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Holy Trinity Church, Holdgate
Holy Trinity Church at Holdgate, Shropshire - - 671791.jpg
Holy Trinity Church, Holdgate, from the south
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OS grid reference SO 562 896
Location Holdgate, Shropshire
Country England
Denomination Anglican
Website Holy Trinity, Holdgate
Status Parish church
Functional status Active
Heritage designation Grade I
Designated 12 November 1954
Architect(s) J. P. St Aubyn and Henry Wadling (restoration)
Architectural type Church
Style Norman, Gothic
Materials Sandstone, tiled roofs
Parish Holdgate
Deanery Ludlow
Archdeaconry Ludlow
Diocese Hereford
Province Canterbury

Holy Trinity Church is in the village of Holdgate, Shropshire, England. It is an active Anglican parish church in the deanery of Ludlow, the archdeaconry of Ludlow, and the diocese of Hereford. Its benefice is united with those of St Peter, Diddlebury, Broadstone Church, St Michael, Munslow, and St Catherine, Tugford. The church is recorded in the National Heritage List for England as a designated Grade I listed building. It stands in the former southwest bailey of Holdgate Castle.


A church with a priest is recorded in the Domesday Book, but none of the fabric from that church has survived. The nave and possibly part of the chancel date from the 12th century, with the rest of the chancel and the lower part of the tower from the following century. The south porch was probably added in the 14th century. The upper part of the tower was added either in the 15th, or in the 17th century. The west end of the nave was partitioned off as a schoolroom after 1793, and the church was restored and re-pewed in 1854–55. In 1894–95 there was a further restoration by J. P. St Aubyn and Henry Wadling, during which a chancel arch was inserted, windows were renewed, the ceilings were taken down, new roofs and a new porch were built, and the partition in the nave was removed.



Holy Trinity is constructed in sandstone with tiled roofs. Its plan consists of a nave with a south porch, a chancel, and a west tower. The tower is in two stages. On three sides of the lower stage are lancet windows. The upper stage contains bell openings on each side, and two string courses, each of which incorporates gargoyles. On the summit is a battlemented parapet with corner pinnacles. The upper stage is Perpendicular in style. In the south wall of the nave is a Norman round-arched doorway with capitals decorated with volutes and foliage. The arch is of three orders, the inner order being carved with beakheads, the middle order with a frieze of arches, and the outer order with zigzags. Above this is a hood mould carved with zigzags and pellets. The windows are mostly Early English, although some of the lancets in the chancel appear to be later insertions. In the south wall of the chancel is a sheela na gig, dating probably from the 12th century.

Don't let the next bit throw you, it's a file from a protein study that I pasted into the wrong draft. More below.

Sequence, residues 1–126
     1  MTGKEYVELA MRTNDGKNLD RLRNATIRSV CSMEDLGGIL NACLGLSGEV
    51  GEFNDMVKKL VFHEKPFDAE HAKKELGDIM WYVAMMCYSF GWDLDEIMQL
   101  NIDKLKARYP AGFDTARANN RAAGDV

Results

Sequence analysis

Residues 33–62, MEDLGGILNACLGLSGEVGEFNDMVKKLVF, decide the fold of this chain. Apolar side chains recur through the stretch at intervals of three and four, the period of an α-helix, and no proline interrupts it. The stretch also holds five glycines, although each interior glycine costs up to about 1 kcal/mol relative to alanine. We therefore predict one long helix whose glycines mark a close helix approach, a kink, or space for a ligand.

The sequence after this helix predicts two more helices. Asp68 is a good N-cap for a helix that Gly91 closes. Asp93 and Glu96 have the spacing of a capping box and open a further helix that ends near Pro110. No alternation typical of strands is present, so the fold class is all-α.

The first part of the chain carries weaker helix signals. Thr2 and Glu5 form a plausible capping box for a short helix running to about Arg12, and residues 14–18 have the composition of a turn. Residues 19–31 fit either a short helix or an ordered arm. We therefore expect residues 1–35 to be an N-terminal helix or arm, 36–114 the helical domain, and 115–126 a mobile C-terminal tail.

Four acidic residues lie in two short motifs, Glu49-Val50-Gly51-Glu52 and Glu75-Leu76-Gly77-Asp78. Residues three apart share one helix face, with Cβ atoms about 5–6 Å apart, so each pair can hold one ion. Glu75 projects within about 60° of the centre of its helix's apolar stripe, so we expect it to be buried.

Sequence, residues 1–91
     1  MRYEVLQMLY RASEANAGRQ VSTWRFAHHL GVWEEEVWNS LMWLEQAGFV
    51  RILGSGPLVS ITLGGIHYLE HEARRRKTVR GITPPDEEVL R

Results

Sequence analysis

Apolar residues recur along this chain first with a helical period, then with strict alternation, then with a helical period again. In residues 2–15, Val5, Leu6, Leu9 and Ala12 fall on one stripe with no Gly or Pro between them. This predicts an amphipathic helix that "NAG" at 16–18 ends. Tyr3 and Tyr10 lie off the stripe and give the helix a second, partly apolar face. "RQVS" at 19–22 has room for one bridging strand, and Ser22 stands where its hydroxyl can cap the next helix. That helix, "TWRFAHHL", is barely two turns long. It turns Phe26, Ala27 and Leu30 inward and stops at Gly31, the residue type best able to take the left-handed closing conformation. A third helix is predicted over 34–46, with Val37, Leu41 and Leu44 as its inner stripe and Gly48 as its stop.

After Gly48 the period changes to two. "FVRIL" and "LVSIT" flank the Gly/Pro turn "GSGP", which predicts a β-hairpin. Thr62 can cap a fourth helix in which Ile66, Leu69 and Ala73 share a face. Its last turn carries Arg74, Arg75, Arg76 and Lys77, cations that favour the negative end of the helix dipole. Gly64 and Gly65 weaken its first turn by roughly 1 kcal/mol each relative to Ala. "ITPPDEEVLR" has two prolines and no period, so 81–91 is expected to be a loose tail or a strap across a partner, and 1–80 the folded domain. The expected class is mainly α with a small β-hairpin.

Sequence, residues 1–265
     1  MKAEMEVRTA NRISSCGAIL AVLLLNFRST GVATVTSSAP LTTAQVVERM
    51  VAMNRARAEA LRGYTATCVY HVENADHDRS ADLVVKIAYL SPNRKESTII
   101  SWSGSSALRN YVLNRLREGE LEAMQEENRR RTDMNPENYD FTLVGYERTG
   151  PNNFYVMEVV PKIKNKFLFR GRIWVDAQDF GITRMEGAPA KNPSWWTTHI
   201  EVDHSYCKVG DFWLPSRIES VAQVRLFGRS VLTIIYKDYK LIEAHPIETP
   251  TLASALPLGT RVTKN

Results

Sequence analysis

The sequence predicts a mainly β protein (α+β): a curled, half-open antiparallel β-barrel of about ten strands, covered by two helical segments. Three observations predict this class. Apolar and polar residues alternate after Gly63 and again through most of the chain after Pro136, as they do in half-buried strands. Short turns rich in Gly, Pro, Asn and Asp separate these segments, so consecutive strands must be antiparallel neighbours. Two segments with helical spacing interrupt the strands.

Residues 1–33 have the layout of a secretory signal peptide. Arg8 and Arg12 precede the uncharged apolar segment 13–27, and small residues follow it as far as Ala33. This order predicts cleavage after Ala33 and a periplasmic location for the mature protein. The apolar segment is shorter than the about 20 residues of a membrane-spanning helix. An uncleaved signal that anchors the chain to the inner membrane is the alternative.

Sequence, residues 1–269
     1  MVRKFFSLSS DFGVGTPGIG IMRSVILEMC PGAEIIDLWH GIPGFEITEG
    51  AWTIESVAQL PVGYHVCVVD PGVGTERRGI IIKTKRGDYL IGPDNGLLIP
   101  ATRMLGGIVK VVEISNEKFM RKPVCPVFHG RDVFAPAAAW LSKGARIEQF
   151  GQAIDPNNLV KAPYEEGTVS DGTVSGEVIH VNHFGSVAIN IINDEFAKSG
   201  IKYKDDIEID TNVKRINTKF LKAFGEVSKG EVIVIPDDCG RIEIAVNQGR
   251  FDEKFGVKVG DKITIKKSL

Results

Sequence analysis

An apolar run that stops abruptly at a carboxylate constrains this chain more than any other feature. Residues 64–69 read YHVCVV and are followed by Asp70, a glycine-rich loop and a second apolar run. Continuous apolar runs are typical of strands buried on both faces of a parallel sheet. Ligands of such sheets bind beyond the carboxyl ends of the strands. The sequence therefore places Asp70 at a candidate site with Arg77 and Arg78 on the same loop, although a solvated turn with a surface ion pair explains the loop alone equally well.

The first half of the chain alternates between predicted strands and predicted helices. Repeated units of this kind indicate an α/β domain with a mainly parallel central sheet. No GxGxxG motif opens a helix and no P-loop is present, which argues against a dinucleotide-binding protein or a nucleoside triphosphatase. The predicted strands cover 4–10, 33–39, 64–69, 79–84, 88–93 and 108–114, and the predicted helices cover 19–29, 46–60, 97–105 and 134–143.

In the north wall of the chancel is an aumbry, and in the south wall is a piscina. The pews are box pews, one of which has a desk dated 1707 attached to its back. Also in the church is a pair of Jacobean seats with carved canopies. The circular Norman font is elaborately carved with rope moulding, a dragon, interlace, foliage, and medallions. In the church are royal arms of 1757. The stained glass in the east window, dating from about 1904, is by Herbert Bryans. In the south wall of the nave is a tomb recess dating from the 14th century. The monuments include brasses from the 17th and 18th centuries. There is a ring of three bells, two dated 1657 and 1666 are by John Martin, and the other dated 1754 is by Abel Rudhall.

External features

In the churchyard are three memorials, each listed at Grade II. To the south of the chancel is an ashlar headstone dated 1716, and to the southeast of the chancel is a similar headstone inscribed with the dates 1748 and 1771. To the south of the nave is a chest tomb dating from the early 19th century.

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